Meir Cohen, founder of Spoofcard, has created a service that allows users to block — or spoof — their phone number when making a phone call. Spoofcard essentially tricks a person into picking up the phone because their caller identification reads a fake number.
Here's an excerpt from a fairly heated interview between Cohen and Lewis Parker of The Kernel:
Parker: I’m reading some of the comments on SpoofCard’s blog by people who’ve been harassed and abused by people using your service, and they’re really upset about what’s happened to them. Is your response: get a lawyer, get a subpoena?
Cohen: I feel terrible about people who have been harassed or stalked or anything like that, I really feel terrible. But again, we are not enabling it by operating and supporting a technology that’s used by millions and millions of people. Guns don’t kill people – people kill people, and that’s a very close argument over here. People can use our technology poorly, they can use the internet poorly. People can use every technology that’s invented for good reasons or bad reasons. I feel terrible if somebody’s getting harassed. What’s the difference if somebody is getting harassed from a block call or a call from another phone number? There is no difference.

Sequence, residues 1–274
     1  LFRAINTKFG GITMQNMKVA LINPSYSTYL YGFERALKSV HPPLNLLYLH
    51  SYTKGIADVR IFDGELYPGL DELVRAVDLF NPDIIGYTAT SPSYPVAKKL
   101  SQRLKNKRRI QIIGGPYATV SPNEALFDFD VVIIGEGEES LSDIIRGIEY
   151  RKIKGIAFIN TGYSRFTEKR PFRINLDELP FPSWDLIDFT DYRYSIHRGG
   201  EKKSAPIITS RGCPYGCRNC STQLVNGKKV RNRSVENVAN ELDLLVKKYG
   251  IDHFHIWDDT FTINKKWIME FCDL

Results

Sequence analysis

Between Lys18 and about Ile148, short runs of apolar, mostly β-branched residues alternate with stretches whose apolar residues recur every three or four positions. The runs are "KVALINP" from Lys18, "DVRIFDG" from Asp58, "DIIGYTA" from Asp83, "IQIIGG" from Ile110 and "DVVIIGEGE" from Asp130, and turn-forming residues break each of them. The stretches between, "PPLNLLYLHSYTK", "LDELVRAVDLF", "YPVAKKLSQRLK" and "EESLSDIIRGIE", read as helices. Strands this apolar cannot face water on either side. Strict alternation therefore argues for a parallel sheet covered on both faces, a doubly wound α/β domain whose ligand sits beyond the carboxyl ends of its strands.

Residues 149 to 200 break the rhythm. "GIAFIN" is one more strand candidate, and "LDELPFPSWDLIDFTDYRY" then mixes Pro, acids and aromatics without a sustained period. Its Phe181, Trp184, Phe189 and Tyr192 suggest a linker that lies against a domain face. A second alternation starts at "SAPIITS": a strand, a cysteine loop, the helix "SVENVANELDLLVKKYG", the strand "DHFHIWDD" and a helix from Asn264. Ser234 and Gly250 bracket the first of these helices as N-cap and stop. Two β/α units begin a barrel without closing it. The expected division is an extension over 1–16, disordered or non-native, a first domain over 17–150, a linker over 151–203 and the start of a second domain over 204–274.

Spoofcard relies on deception and trickery for revenue. That is the underlying problem here — not the fact that individuals use their service illegitimately.
But read on and develop your own opinion. This is pretty eye-opening.